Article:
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In languages like German where spaced en dashes are used for sentence insertions, it is often frowned upon to place the en dash at the start of a new line. So, a non-breaking space should be placed before the dash.

Dieses Mal~-- anders als vorher~-- wurde er überrascht.

This time---unlike before---he was caught by surprise.
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Interesting. In French, I tend to put the ~ inside, to prevent having a -- at the end of a line (it's like opening a bracket at the end of a line really). –  ℝaphink Oct 2 '11 at 22:09
1  
Could you cite a source for this? Personally I tend to the "French" rule, whenever the en-dashes are used parenthetically: Dieses Mal --~anders als vorher~-- wurde er überrascht. but I keep the dash together with the first part of the sentence, when it could be replaced by a colon or full stop: Hans kam plötzlich herein~-- dieses Mal waren alle überrascht. But I don't know where I learned this and whether it is correct. –  Florian Oct 3 '11 at 10:29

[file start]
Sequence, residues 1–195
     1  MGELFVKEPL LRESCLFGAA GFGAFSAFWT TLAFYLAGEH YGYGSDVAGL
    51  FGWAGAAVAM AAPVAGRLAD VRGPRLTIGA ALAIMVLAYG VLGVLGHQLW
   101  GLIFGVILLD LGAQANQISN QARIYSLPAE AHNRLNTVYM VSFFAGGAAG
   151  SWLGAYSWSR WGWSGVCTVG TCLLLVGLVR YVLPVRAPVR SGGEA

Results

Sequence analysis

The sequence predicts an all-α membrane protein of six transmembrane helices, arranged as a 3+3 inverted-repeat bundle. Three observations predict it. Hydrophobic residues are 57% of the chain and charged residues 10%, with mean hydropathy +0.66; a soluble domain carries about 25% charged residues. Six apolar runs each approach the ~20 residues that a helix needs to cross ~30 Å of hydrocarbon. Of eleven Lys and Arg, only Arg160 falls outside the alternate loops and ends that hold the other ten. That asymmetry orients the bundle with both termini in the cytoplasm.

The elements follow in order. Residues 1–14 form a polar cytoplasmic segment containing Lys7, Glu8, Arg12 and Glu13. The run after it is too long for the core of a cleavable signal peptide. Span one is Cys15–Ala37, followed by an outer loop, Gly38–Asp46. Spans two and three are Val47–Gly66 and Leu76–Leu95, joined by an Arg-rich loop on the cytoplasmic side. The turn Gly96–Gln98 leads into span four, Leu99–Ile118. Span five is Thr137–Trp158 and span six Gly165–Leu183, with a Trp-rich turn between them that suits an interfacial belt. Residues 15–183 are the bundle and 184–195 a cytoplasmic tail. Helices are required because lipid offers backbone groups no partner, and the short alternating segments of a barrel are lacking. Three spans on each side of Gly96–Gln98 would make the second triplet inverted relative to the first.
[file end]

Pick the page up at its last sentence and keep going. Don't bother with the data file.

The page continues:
1  
No explicit source -- but in a lot of German books I've read, the rule of "no en dash at the start of a line" seems to have been observed. –  lockstep Oct 3 '11 at 15:58
    
@lockstep I cannot confirm this rule for German either, but then I haven't checked recently. –  Lover of Structure Feb 23 '13 at 13:46
1  
The German Wikipedia page about en-dashes says that you should use a non-breaking space near the part of the sentence that gets separated – which basically means the same thing (“Der Gedankenstrich ist immer durch ein Leerzeichen vom umgebenden Text zu trennen. Dabei ist in der Textverarbeitung zu beachten, den Gedankenstrich mit einem geschützten Leerzeichen an den Satzteil zu binden, den er abgrenzt.”) –  Rafael Mar 17 at 14:50